The main requirement for the correctness of recognition or the accuracy of the medical diagnosis is the highest possible quality of the images. To make the imaging system efficient and reliable, several hardware parameters, such as the backlight intensity or the exposure time, have to be optimized in the initial stage of the acquisition process. The image quality metrics are the main coefficients that control these optimization procedures.
In this paper, we compare several image quality evaluation methods, and we also present a novel approach based on distance transformations. Our algorithm allows for the selection of optimal exposure parameters, thus the amount of information included in a given image is maximized. We also present the usability of NIR imaging for a biometric acquisition system. For such an application, the image enhancement leads to improvement in the identification. However, it should not be forgotten that the presented technique is also usable for all NIR-based imaging techniques, where there is no possibility of obtain the reference frame for the quality assessment.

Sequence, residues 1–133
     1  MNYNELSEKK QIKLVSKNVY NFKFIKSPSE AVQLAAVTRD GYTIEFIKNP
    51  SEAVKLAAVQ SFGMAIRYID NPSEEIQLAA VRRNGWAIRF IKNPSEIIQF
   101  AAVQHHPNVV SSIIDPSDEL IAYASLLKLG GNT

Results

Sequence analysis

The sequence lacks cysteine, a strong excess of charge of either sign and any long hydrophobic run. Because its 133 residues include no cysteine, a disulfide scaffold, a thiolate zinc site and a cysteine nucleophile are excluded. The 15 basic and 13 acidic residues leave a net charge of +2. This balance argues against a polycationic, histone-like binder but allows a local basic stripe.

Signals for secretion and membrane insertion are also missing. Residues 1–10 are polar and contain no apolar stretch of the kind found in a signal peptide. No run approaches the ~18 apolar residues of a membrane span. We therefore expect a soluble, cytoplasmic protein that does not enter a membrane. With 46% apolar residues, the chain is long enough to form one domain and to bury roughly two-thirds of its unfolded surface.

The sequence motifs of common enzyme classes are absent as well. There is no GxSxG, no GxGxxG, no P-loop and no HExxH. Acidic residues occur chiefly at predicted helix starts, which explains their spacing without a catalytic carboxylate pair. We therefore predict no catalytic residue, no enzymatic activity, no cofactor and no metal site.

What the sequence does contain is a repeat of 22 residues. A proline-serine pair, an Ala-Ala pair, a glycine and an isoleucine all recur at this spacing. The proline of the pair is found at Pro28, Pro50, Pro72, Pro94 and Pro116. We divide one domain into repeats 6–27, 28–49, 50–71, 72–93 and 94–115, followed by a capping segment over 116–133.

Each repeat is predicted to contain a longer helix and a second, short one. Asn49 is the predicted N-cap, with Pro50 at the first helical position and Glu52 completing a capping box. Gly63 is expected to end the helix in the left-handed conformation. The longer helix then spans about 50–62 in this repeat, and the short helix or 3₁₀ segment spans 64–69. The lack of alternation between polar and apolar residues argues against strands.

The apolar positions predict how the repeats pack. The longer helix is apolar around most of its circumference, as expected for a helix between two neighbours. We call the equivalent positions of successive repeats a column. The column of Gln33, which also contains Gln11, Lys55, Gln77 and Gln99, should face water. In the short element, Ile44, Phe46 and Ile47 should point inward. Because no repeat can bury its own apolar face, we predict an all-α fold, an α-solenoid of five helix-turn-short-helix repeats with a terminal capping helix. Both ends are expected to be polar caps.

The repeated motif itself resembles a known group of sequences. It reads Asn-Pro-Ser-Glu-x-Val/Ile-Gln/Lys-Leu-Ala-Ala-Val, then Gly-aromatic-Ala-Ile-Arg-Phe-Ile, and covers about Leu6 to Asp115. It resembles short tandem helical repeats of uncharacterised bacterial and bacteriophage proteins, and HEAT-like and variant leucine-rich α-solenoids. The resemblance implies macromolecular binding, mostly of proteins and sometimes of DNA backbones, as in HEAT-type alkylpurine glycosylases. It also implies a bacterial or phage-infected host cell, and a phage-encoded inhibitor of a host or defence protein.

The paper is organized as follows. In Section 2, we present and describe the biometric authentication system with the image assessment employed. Next, in Sections 3 through 5, we enumerate and provide the basics of the state-of-the-art image quality metrics. In Section 6, our novel approach is introduced. Finally, we present the details of our experiments in Section 7, and we discuss the results in Section 8.

Biometric authentication with image quality evaluation